Saturday, January 21, 2012

It's About Time . . .

I'm just going to come out and say it:


I can see my high school AP Honors English teacher picking her jaw up off the floor (I had to beg for an A in that class). Yes, ladies and gentleman, I have been a "closet writer" since I was about ten. I am now "out"ing myself.

So you are probably asking yourselves, "Why now? And what does it matter anyway? What's so special about Robin that makes her think that she can actually write?"

I'd love to answer those questions, but, honestly, I don't know all the answers myself. The only thing I know for certain is that I actually love it! There is something fulfilling about getting your thoughts out on paper, twisting ideas and rearranging words so that they fully reflect what you think and feel.

The seed started with poetry (someday I'll reveal these), grew with volumes and volumes of journal entries (not sure if anyone should read these until I'm long gone), and now it is blossoming with this blog and . . . drum roll please . . . A BOOK. Yep, I'm writing a book. Is it any good? If you ask my mom or husband, they like it so far (they could be biased). If you ask my writing critique group, they'd probably tell you not to hold your breath. If you ask me, it's going to be amazing someday.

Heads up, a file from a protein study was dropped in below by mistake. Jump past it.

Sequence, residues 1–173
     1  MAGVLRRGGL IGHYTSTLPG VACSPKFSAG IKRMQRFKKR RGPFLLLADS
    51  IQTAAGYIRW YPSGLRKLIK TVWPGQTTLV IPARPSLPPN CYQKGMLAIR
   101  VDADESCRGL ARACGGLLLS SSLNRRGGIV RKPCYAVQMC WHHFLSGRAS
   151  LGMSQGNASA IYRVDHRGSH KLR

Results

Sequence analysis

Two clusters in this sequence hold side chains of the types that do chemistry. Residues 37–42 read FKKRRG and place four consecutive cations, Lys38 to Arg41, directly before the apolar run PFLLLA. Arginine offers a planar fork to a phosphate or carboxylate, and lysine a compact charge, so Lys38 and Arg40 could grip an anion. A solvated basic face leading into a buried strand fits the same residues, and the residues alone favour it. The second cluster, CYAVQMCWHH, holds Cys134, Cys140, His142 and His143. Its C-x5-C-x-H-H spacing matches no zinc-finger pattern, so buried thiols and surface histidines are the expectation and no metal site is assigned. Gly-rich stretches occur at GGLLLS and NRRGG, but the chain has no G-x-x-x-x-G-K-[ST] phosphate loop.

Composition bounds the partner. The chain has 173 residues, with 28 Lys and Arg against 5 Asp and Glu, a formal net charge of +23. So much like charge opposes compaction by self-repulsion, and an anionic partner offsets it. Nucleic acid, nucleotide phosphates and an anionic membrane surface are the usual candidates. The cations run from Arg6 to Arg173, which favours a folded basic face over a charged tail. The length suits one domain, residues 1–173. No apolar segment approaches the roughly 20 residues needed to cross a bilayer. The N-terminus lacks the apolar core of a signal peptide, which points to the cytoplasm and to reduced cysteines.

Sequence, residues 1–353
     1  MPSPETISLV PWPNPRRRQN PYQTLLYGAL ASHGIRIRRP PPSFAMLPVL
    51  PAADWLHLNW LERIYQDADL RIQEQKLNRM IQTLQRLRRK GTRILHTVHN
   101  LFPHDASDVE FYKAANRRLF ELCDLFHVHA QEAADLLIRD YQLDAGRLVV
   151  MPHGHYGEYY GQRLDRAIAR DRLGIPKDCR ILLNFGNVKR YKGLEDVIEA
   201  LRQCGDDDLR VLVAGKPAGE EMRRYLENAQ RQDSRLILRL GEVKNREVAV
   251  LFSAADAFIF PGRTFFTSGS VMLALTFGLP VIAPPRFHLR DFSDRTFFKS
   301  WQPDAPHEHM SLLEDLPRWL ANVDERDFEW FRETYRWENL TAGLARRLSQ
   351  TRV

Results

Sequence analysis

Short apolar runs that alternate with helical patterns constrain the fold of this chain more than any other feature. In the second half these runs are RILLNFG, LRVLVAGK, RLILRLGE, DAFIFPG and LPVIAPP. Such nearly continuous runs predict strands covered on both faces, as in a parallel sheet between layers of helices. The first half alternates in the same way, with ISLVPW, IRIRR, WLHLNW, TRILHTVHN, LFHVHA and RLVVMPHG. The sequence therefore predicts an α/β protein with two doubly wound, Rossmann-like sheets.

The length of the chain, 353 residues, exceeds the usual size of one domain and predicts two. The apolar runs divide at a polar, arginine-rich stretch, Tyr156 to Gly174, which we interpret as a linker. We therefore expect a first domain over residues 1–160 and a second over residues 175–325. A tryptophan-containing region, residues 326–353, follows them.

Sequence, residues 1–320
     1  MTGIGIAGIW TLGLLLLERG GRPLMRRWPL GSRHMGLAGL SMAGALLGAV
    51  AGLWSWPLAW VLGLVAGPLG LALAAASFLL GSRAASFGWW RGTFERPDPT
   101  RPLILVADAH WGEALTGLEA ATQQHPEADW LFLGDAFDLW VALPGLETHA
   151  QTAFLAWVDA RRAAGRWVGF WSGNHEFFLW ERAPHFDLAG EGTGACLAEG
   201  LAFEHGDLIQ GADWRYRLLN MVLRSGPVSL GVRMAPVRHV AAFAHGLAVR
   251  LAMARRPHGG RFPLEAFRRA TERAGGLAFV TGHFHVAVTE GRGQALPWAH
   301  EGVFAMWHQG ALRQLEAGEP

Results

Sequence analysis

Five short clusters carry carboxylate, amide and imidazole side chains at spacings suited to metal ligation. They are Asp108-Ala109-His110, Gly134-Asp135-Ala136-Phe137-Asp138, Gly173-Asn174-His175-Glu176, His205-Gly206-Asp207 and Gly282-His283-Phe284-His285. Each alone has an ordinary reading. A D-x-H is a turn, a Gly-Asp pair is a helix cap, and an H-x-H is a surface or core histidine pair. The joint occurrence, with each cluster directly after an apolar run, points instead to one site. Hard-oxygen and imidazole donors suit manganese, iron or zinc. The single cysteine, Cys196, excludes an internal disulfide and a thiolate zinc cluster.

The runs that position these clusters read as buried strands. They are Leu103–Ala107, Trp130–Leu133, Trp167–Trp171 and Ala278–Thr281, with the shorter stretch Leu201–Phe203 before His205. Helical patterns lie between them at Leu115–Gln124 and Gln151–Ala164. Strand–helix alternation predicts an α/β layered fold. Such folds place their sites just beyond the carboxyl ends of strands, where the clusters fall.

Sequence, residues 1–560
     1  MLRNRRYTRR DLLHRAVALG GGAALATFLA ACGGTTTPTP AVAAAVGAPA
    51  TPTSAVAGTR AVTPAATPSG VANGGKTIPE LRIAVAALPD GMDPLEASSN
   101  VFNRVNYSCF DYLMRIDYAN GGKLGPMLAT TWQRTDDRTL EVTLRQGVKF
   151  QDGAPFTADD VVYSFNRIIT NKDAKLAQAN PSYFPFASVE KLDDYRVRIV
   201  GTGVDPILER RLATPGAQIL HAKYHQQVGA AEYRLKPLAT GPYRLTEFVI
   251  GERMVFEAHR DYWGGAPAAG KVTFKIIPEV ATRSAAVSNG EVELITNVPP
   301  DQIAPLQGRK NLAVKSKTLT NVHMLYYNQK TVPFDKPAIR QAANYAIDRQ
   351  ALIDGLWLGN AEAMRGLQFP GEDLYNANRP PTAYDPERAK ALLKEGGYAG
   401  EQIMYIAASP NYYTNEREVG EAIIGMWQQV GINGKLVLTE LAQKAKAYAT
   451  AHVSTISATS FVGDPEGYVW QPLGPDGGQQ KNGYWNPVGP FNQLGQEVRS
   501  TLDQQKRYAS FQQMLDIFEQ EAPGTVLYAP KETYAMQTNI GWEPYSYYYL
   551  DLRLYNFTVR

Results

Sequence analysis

What's this blog going to entail? I plan on blogging about:

1. The writing experiences I have, the good and the bad
2. Books I've read & authors I've met that inspire me
3. Life experiences that shape my writing
4. Puzzles, conundrums, and codes to solve (motivated by my latest WIP)

My inspiration for writing this next week comes from The Night Circus by Erin Morgenstern (probably the best book I have read in the last few years - I may blog about later):

"It is important," the man in the grey suit interrupts. "someone needs to tell those tales. When the battles are fought and won and lost, when the pirates find the treasures and the dragons eat their foes for breakfast with a nice up of Lapsang souchong, someone needs to tell their bits of overlapping narrative. There's magic in that. It's in the listener, and for each and every ear it will be different, and it will affect them in ways they can never predict. From the mundane to the profound. You may tell a tale that takes up residence in someone's soul, becomes their blood and self and purpose. That tale will move them and drive them and who knows what they might do because of it..."